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The boom of white wine in the world as seen by the top territories of Italy

Steady growth in global consumption: the outlook for Alto Adige, Soave, Gavi, Marche, Lugana, Delle Venezie, Maremma and Vernaccia di San Gimignano
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Boom in the market of white wines

The growth of white wine, on the global market of consumption, is impetuous, and it will not stop at least for the next decade, as told by the report “White Wine Market” signed by the analysis company “Fact Market Research”, whose forecasts claim that, from now to 2031, the world market of white wine is expected to have an average annual growth of 5%, up to exceed 60 billion dollars in value, from 46 billion predicted for 2022. After all, even from 2016 to 2020 growth has been prodigious, exceeding 35 billion: only the pandemic has slowed down the race, immediately resumed in this 2021. There are many reasons for the success of white wines, starting from a great simplicity of approach and consumption, passing through a versatility that, for example, red wines do not have, up to a quality/price ratio that cannot be found in any other type of wine. This is how, without distinction of age or gender, white wine is slowly conquering wine lovers all over the world, from Europe (where in 2031 the share of white wines will be more than 50% of the total wine consumption) to the United States, to Asia (which in 2031 will be worth 35% of the global market of white wine consumption in the world), with Japan, Vietnam and China as more and more interesting destinations.

And if it is only a handful of international appellations that are making the big bucks, just as happens with red wines (the turnover of Chardonnay in 2022 will reach 6 billion dollars, and in 2031 Riesling will account for 1/5 of consumption), the prospects for Italian production, mostly linked to native varieties, are in line with the forecasts of the “White Wine Market” report, as the representatives of the most important Italian white wine appellations tell WineNews, from Ettore Nicoletto, president of the Consorzio del Lugana, to Andreas Kofler, president of the Consorzio Vini Alto Adige, from Sandro Gini, at the head of the Consorzio del Soave, to Alberto Mazzoni, director of the Istituto Marchigiano di Tutela Vini, the consortium that brings together all the appellations of the region, from Verdicchio to Bianchello del Metauro, from Maurizio Montobbio, at the head of the Consorzio del Gavi, to Albino Armani, president of the Consorzio delle Venezie Doc, from Francesco Mazzei, at the head of the Consorzio della Maremma, to Irina Guicciardini Strozzi, president of the Consorzio della Vernaccia di San Gimignano.

Ettore Nicoletto, head of the Consorzio del Lugana, but also head of Bertani Domains, offers an all-round reading, from the global to the territorial and varietal dimension. “Taking for granted very long term forecasts, which are very difficult to make, the general sentiment is good, we can consider it a legitimate and shareable bet, perhaps on slightly lower trajectories. Italy can play this game, remembering that it has been the leading player on the white wine market for 30 years with Pinot Grigio, which, moreover, shows no signs of difficulty even today, especially in its more territorially characterized declinations (think of Alto Adige and other denominations). I exclude sparkling wines from this analysis”, continues Ettore Nicoletto, “and on the whole, I believe a great deal in territorial expressions, specific, with a potential that may not be enormous, such as Lugana, which in any case produces up to 30-32 million bottles. We have to think about what to do when we grow up, and this is particularly true, for example, for a variety like Vermentino, which is not really native but has a good association with Italy. It is a grape variety that produces wines of enormous appeal, easy to drink and to approach, and that is experiencing a phase of excellent growth, with many productive poles that limit its potential, because Sardinia has had very difficult vintages, due to the climate and its oddities, Liguria and Tuscany, starting with Maremma, are still small, and in the rest of the country we are behind, but it would have great potential, which could allow it to take advantage of the surge of Pinot Grigio, especially in the USA”.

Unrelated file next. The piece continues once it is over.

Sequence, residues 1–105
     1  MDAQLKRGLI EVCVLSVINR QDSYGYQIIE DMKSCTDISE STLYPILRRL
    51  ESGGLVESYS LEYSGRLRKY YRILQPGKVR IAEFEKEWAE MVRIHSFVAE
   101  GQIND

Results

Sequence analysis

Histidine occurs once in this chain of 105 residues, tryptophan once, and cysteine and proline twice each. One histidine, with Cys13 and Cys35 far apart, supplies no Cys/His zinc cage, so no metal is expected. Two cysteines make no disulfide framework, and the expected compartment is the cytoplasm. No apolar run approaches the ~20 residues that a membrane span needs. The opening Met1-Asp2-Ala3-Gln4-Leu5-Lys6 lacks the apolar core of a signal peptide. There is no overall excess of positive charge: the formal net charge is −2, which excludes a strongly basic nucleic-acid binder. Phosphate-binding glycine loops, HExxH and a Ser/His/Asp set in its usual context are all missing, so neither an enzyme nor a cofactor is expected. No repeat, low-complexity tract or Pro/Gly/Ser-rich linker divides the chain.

So the focus is even wider, because “at a world level - continues the president of Lugana - our competitors have lost a few trains, I'm thinking of Albariño from the Rìas Baixas, a type that must serve as a reference point, as an organoleptic profile, because if it is managed well it too has enormous potential. These are the types of wine that need to be promoted, the others are niches, or production basins that have bitten the dust over the years, perhaps with very high quality levels but little international appeal. Italy has the potential to lead this trajectory, going beyond Pinot Grigio, with other drivers, working on it and investing in it, with a compact and united front, through the Consortia and the territories, promoting the landscapes. We can’t rely only on rent positions. Also because - adds Ettore Nicoletto - white wine is the key to entry for new consumers, it is easier to approach than red wine, which is more complex by definition. However, we have a very high tangible and perceived quality in the red wine denominations, which allows us to obtain remunerative prices, while we have not worked as well on white wines, and we need to understand why. Looking first of all at the production areas: where do most white wines come from, what is the structure of the production fabric and what is the commercial culture? We need to bring home more value, but we need a generational shift towards the culture of value. We often talk about production areas where 350 quintals per hectare are still made, not a correct approach to get a premium price on the markets. And it is not by chance that white wines are being squeezed downwards: in some markets the demand is inelastic, it is not certain that a low price will sell more, and on the contrary, it is not certain that increasing the price will sell less - concludes Nicoletto - but important promotional efforts are needed to make people understand the value of what we are selling”.